But thou, Bethlehem Ephratah, though thou be little among the thousands of Judah, yet out of thee shall he come forth unto me that is to be ruler in Israel; whose goings forth have been from of old, from everlasting. (Micah 5:2)

There are five parts to this prophecy. Let’s look at each one.

1. A child would be born in Bethlehem.

This is encouraging. This tells us that even though Zedekiah would lose his kingship and that Babylon and Nebuchadnezzar would shut down the nation, God still intended to work within the nation, in places like Bethlehem, even after the dust of captivity had settled in a distant land.

The town of Bethlehem was small, not large. It would be appropriate to call it a village. Located about 5 miles south of Jerusalem, it had actually been the birthplace of King David. It served as a border town or defense outpost for the southern region of the nation. At the time of Christ’s birth, the population appears to have been around 500-600 residents. That’s not very big.

2. He would be a ruler.

This prophecy not only guarantees that the nation of Israel would have a future, but that it would function again as a nation. It would have a ruler or a king once again, and this king would be born in the little town of Bethlehem.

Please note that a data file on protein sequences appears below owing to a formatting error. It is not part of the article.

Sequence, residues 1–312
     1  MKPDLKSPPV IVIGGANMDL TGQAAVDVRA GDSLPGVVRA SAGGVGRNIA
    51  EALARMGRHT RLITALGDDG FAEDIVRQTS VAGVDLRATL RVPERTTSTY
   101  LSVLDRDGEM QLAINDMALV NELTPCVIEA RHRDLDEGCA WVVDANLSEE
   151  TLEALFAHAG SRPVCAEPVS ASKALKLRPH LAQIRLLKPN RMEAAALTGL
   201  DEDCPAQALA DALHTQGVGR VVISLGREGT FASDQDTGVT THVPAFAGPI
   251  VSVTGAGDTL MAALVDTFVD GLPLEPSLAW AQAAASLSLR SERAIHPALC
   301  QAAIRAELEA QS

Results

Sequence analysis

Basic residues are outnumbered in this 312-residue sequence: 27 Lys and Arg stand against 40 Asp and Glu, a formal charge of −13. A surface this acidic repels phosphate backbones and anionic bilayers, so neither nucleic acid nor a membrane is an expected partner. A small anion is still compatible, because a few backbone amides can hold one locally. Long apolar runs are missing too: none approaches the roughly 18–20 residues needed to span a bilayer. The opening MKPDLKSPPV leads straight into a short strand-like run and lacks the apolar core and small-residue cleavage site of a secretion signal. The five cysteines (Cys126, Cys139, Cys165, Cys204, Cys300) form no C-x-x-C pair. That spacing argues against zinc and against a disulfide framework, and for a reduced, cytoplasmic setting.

3. He would be a ruler for Jehovah.

This prophecy not only guarantees that the nation of Israel would have a future, and that it would function again as a nation, but also that the coming king would rule for Jehovah. He would be different from the Davidic kings that had ruled Judah and Israel up until that point. Sin, sorrow and miserable disappointment had permeated the royal dynasties of Israel and Judah. Beginning with Saul, then David and Solomon, then Rehoboam and Jeroboam when the kingdom split, all the way down through Zedekiah – the kings had been a royal flop. But this prophecy guarantees that the next king would rule for Jehovah, not for his own personal interests.

4. He has made repeated appearances in history.